Alexis Torres Simon thought he was in for a big payday, according to authorities as he unwittingly laid out details to an FBI informant of a plan to kidnap and rob a delivery van driver of pharmaceutical drugs.
“Look out tomorrow. We are going to get big bucks, brother,” Simon told the informant, Yordani Corona Del Toro, on a dry run the night before the robbery was to take place on April 8, 2013. “God willing, I will get a good ride (car) out of this.”
What Simon, 46, didn’t know was that Del Toro was secretly recording every word and that Simon and another man charged in the scheme, Julio De Armas Diaz, 54, would be arrested by FBI agents and Las Vegas police before the robbery could take place. A third man, Alexander Del Valle Garcia, 42, was taken into custody several days later and charged in the scheme. He did not go on the April 7, 2013, dry run.
Del Toro, 23, a felon who defense lawyers called a “gang banger” and habitual criminal, is the government’s star witness in the theft trial of the three men before U.S. District Judge Jennifer Dorsey.
All three defendants are Cuban immigrants who also face felony charges tied to the theft of drugs and high-quality merchandise from delivery vans and warehouses around the Las Vegas Valley.
Del Toro, who said he came to the United States from Cuba in 2002, spent two hours testifying for federal prosecutors Thursday. He explained how he agreed to work undercover and help the FBI break up the theft ring in return for lighter sentences on burglary convictions in state court. He is currently in state custody.
The last hour of Del Toro’s testimony involved helping prosecutors read English transcripts of his Spanish conversation with Simon and De Armas Diaz as the three men drove to the site of the planned kidnapping at the delivery van driver’s home.
Del Toro, dressed in prison garb, with two federal marshals standing off to the side of the witness stand, read his own translated words in the conversation, while an FBI agent played the role of Simon and an FBI translator read De Armas Diaz’s words.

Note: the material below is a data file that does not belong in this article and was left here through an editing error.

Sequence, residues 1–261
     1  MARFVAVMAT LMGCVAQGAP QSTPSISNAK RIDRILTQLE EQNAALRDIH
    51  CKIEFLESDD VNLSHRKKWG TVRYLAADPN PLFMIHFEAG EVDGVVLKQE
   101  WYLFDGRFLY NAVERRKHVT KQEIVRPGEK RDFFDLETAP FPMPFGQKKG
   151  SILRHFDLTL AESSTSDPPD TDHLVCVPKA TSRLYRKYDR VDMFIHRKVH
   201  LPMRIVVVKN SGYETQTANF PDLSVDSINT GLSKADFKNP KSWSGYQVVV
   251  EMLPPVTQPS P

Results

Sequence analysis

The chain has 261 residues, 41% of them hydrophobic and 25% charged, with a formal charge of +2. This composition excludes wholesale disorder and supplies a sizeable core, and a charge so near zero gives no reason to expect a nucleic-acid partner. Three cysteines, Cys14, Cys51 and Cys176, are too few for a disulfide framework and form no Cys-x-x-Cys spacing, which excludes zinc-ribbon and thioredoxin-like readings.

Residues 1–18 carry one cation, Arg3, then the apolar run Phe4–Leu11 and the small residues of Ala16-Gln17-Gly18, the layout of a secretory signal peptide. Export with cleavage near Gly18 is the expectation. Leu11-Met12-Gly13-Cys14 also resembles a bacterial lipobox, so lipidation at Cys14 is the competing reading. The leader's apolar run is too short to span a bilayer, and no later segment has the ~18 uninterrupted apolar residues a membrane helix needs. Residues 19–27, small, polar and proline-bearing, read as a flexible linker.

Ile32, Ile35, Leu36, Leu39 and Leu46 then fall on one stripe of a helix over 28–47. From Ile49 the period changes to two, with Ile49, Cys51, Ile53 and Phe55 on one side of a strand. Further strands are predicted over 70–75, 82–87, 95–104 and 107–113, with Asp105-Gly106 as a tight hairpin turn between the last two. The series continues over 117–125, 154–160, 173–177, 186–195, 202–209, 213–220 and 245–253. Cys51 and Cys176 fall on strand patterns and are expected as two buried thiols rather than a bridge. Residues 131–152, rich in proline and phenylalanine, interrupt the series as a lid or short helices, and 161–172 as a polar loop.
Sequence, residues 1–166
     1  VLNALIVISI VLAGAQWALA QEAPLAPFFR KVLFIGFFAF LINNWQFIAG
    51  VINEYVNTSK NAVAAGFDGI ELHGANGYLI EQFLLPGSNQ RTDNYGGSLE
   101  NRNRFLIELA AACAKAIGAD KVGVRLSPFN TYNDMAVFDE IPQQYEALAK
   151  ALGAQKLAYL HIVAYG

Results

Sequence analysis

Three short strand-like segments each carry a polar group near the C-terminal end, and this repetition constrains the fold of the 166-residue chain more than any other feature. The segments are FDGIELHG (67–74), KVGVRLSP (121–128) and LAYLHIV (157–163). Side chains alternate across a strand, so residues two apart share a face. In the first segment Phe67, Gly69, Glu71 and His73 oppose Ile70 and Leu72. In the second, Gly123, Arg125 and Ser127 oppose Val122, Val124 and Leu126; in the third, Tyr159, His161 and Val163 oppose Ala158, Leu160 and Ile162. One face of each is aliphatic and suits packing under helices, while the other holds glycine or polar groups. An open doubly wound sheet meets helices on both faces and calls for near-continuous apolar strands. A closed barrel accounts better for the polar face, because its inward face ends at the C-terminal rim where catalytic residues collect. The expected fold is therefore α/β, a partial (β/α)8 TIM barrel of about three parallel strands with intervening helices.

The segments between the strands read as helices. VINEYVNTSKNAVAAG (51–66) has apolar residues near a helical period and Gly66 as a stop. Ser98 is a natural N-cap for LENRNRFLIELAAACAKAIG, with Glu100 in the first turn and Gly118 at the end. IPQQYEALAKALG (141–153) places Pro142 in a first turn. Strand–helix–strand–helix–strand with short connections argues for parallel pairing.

During the conversation, Simon provided detailed information on how the defendants planned to grab the driver at his home after he returned from a warehouse with a van loaded with prescription drugs, including popular painkillers.
They planned to subdue the driver, “rough him up” if necessary, and stuff him in the van with them as they drove to a safe house to unload the drugs.
Simon told Del Toro that he suspected the driver was stealing drugs himself and would be reluctant to cooperate with police.
“This is a walk in the park, kid,” Simon was quoted as saying. “This is easy, brother.”
The defendants had been watching the driver for days and knew exactly what time he would return to his home in the early morning hours with the loaded van, according to the transcripts.
All three defendants, who are in federal custody, sat at the defense table surrounded by their lawyers, listening to the transcripts with the help of Spanish-speaking interpreters.
Del Toro also testified that he bought stolen prescription drugs and designer purses from some of the defendants while working undercover for the FBI.
He will testify again today and likely will be subjected to tough cross-examination from defense lawyers who questioned his credibility in their opening statements.
According to prosecutors, members of the theft ring conducted surveillance at retailers around the valley to determine delivery patterns. Once a delivery truck was identified, members followed the truck to a warehouse where the merchandise was stored.
Torches were used to cut holes in metal garage-style doors to enter the warehouses and steal the goods, which were loaded into waiting vehicles, prosecutors said.
FBI agents assigned to an organized crime squad linked the ring to the Oct. 15, 2012, warehouse theft of $573,756 in Coach merchandise, including purses, in southeast Las Vegas.
Contact Jeff German at firstname.lastname@example.org or 702-380-8135. Find him on Twitter @JGermanRJ.